Coloring oil finishes is done by adding Artist’s pigments to an oil finish. These oils can then be applied to wood to create a finish that also has color. Tinting the oils directly creates a toning effect. Applying multiple layers to one piece will deepen the color. Layering several subtle colors will blend them, showing dimensions of each.
Coloring oil finishes is the process by which an oil finish is tinted with a pigment, creating a toner. This new finish applies both color and film.
My video shows the technique, as well as how to create the mixture. Artist’s Oils can be found in many different places. Most craft stores sell them, as well as artist supply stores, and online. The individual tubes are a little on the expensive side, but they will last a very long time. Keep them in the house to prevent them from hardening or going bad in the temperature extremes of the shop.
Finishes are typically clear, and color is applied below them in the form of stain. Some finishes have color already in them, and are called toners. These toners apply both color and clear finish at the same time. Oils tend to lack this addition of color, but it can be done in the shop easily with artist’s pigments.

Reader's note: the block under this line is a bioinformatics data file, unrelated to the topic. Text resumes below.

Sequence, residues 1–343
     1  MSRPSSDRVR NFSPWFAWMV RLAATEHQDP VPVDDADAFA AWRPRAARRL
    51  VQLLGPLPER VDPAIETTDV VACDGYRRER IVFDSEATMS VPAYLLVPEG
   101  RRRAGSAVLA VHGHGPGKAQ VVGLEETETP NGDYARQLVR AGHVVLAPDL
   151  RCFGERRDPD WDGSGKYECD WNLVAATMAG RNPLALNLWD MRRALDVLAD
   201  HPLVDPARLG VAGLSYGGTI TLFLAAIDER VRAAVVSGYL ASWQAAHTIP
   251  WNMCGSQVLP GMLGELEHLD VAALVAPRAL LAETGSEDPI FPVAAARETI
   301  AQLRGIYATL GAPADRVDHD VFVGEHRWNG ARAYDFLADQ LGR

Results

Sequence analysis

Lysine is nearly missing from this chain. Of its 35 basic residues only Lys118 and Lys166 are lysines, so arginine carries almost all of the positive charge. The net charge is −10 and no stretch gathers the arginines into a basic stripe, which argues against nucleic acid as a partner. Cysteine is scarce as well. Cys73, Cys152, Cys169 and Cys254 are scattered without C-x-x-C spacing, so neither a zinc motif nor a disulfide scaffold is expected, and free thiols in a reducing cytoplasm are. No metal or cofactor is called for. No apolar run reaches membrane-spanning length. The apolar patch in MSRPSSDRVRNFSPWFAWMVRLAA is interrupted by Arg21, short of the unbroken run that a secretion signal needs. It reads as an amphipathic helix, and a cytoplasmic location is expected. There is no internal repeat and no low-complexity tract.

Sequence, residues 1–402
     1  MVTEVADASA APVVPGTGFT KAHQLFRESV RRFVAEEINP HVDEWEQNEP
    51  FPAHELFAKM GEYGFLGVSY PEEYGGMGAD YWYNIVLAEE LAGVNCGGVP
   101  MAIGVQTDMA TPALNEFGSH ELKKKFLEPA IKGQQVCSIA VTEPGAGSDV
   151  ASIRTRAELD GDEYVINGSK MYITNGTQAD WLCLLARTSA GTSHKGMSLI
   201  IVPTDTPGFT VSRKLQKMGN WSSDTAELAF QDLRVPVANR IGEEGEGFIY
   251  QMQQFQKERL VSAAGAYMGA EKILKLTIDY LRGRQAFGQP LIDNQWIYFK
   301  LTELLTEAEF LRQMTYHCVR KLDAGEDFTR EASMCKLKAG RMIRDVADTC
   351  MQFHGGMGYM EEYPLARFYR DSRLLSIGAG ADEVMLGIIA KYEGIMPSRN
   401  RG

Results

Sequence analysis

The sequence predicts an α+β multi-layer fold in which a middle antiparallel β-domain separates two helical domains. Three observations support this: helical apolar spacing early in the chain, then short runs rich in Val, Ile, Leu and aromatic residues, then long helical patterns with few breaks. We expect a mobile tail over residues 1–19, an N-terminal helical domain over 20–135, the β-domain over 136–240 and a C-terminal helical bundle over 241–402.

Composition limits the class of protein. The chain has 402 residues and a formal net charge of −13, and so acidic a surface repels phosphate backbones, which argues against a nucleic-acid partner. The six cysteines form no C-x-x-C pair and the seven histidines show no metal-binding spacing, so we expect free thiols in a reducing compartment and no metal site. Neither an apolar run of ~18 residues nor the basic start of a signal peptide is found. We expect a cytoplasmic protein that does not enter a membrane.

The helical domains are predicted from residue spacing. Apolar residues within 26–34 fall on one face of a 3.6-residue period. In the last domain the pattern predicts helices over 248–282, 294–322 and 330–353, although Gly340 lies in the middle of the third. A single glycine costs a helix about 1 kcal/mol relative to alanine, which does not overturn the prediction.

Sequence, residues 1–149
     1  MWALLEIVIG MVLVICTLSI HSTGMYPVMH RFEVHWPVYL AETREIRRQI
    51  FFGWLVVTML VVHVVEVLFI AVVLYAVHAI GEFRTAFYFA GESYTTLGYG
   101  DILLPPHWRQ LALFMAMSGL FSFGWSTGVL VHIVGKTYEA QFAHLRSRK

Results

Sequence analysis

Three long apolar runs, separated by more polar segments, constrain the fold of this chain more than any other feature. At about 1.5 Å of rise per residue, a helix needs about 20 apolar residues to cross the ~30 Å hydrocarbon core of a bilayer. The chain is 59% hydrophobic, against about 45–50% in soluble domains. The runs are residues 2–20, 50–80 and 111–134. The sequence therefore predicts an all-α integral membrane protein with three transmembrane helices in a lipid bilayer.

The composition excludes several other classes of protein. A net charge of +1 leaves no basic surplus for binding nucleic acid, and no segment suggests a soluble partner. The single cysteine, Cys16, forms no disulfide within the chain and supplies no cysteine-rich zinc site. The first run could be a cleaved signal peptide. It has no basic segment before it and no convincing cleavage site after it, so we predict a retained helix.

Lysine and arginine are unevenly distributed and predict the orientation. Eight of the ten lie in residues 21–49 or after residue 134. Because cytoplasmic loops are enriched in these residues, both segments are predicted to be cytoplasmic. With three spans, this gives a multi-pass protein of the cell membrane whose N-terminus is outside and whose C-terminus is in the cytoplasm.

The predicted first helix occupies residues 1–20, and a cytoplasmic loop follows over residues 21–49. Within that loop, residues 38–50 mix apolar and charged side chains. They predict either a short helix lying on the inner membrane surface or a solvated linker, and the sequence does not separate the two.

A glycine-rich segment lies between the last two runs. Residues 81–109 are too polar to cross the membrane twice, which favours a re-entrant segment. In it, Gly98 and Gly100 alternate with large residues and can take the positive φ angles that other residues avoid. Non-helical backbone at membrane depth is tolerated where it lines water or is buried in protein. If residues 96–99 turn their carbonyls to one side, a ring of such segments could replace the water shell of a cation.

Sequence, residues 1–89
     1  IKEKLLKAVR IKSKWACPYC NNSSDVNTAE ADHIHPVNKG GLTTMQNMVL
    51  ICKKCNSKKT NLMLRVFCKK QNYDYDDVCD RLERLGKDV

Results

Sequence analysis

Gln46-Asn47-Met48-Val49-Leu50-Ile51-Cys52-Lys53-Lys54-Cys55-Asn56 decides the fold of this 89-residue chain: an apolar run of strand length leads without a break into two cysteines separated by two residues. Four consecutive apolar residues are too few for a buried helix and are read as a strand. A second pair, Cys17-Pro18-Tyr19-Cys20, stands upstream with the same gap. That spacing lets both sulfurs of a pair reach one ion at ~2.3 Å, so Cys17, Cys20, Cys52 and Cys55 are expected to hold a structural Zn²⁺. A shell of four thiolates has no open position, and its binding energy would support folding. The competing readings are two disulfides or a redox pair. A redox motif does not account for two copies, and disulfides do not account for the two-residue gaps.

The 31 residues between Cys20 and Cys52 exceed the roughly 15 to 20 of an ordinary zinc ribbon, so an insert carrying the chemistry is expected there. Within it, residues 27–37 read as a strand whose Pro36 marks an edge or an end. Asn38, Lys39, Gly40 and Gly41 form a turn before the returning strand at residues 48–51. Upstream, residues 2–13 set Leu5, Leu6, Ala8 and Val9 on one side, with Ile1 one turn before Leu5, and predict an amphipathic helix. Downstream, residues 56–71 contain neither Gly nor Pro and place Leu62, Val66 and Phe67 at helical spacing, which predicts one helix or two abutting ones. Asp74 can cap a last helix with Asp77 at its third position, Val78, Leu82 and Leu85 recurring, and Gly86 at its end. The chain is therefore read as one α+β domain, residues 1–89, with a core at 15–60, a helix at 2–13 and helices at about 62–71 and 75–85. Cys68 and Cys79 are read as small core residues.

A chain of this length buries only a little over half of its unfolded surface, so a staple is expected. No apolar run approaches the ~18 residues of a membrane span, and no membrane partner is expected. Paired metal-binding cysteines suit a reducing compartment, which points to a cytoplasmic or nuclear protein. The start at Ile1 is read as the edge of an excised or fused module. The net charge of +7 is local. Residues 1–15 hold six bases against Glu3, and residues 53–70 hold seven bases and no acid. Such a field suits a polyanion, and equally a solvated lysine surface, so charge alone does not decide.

This is a great way to rusticate wood. Add a bit of grey or black to an oil. Then, apply the oil to bare wood. The pigment will land on the surface and instantly age the wood. A wipe of a weak yellow or orange will warm up the look if desired, but is not necessary. The rustic look is very popular now, and thankfully it is easy to create.
My 10 Step Guide to Wood Finishing is a free PDF that explains hand applied finishes. It makes an expert finisher out of anyone. Also, since the finishes are applied by hand, they do not require any fancy equipment. This makes the process easy for beginners, and cost effective.
If you have any questions on coloring oil finishes, please leave a comment and I will answer them. Happy Building.
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